June 26, 2015
The CBS broadcast of The Whole Gritty City is honored to have been named one of three finalists in the TV documentary category for The National Association of Black Journalists' Salute to Excellence Award.
And in addition to being available to rent or buy directly from the website, the film is now available on Amazon Prime and Amazon Instant Video. http://www.amazon.com/The-Whole-Gritty-City-HD/dp/B010ESI3OM
You're invited to write a review on the Amazon page - that can help increase the film's visibility so others can discover it!
May 25, 2015
Reviewed by Vincent J. Novara, Curator, Special Collections in Performing Arts, University of Maryland
Date Entered: 5/19/2015
The directors, Richard Barber and Andre Lambertson, have created a simple documentary about very complex and interrelated topics. At the surface the films appears to be about the efforts, successes, and failures of marching bands in New Orleans’ poorer wards, but it does not take long to understand that this movie is about so much more. There is no denying that the role these bands play in their respective community is important, but they are also an enriching alternative to succumbing to the worst a city in strife like New Orleans has to offer to youth. Barber and Lambertson allow the subjects to speak for themselves, figuratively and literally, and provide little commentary or no narration to lead the viewer towards any outcome. At times this can make for an uncertain narrative structure, but for the most part it succeeds in getting across the primary lesson: Without these bands, so many of the city’s youth would not just be in trouble, they would be dead.
Primarily shot during 2007 and 2008, the film follows three marching bands in preparation for the Mardi Grad parade season, concurrently while coping with the chaos that surrounds these particular bands due to the rough neighborhoods they call home. The larger setting is Post-Katrina New Orleans – the trauma of which had not yet fully released its devastating grip on the city. The performance documentation is ideal with rehearsal footage, documentation of private instruction and practice, and performances shot from alongside or within the bands in parade. Interspersed throughout is informal footage captured on smart phones by members (Bear, Skully, Kirk, and Jazz) selected from the three bands. This more personal approach invites the viewers into the private home lives on the members, and the differing circumstances within which they live and grow. The first half of the film is almost entirely exposition, while the second half examines the parade season and what follows for the kids. The DVD also offers wonderful bonus features that help to flesh out the topic, including additional performances and more home footage.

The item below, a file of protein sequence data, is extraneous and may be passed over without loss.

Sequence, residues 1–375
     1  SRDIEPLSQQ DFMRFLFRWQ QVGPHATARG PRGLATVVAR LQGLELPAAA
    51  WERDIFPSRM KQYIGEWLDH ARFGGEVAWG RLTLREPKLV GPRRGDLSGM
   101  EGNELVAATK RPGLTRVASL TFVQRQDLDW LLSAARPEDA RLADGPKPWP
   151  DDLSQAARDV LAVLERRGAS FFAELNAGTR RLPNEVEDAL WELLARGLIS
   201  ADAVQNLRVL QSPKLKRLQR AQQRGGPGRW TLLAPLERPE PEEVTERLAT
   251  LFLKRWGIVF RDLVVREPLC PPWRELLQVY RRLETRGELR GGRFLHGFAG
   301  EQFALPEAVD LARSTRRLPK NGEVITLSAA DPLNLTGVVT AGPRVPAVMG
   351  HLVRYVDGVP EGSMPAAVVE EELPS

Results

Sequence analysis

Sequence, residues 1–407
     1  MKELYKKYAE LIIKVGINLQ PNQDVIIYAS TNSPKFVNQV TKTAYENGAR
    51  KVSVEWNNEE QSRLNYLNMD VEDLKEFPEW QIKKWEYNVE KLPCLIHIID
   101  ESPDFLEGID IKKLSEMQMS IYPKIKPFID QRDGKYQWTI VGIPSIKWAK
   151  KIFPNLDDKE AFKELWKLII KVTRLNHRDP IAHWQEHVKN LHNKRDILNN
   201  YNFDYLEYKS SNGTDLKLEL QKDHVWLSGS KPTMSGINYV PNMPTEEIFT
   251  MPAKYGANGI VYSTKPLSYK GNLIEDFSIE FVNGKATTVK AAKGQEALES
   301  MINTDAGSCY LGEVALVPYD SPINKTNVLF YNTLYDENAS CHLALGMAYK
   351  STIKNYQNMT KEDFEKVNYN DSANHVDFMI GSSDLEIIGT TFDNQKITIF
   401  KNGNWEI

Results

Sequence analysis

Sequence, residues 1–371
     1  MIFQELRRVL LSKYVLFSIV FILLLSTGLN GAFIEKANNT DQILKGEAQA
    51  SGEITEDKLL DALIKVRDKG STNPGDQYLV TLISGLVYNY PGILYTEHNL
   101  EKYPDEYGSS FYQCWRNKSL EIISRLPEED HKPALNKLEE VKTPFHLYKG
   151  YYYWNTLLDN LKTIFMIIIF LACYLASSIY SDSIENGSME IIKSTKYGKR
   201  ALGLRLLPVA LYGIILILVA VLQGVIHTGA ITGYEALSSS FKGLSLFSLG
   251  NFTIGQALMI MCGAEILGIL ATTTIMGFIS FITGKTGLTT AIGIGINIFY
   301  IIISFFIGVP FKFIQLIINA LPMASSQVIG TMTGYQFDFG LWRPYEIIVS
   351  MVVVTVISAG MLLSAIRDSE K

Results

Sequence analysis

The band directors and co-directors are clearly community leaders, and the content reveals that they are much more than music educators to the members. Despite any subtle differences between the bands, one factor that is consistent is that participation in these ensembles is a means for youth to develop self-discipline and self-value. As such, intensity is favored over intonation in performance, making for powerful and expressive musical moments – certainly far more moving than anything a premiere Drum Corps International marching ensemble can create. As the film turns to the performance setting of parade season, viewers may wonder about meaning in these performances by African American youth, especially when one result of their efforts is entertaining topless and/or drunk white idiots – some who are captured on film harassing the band members. Appropriately, a performance at the funeral of a slain fellow band member has so much more meaning and gravity in this documentary.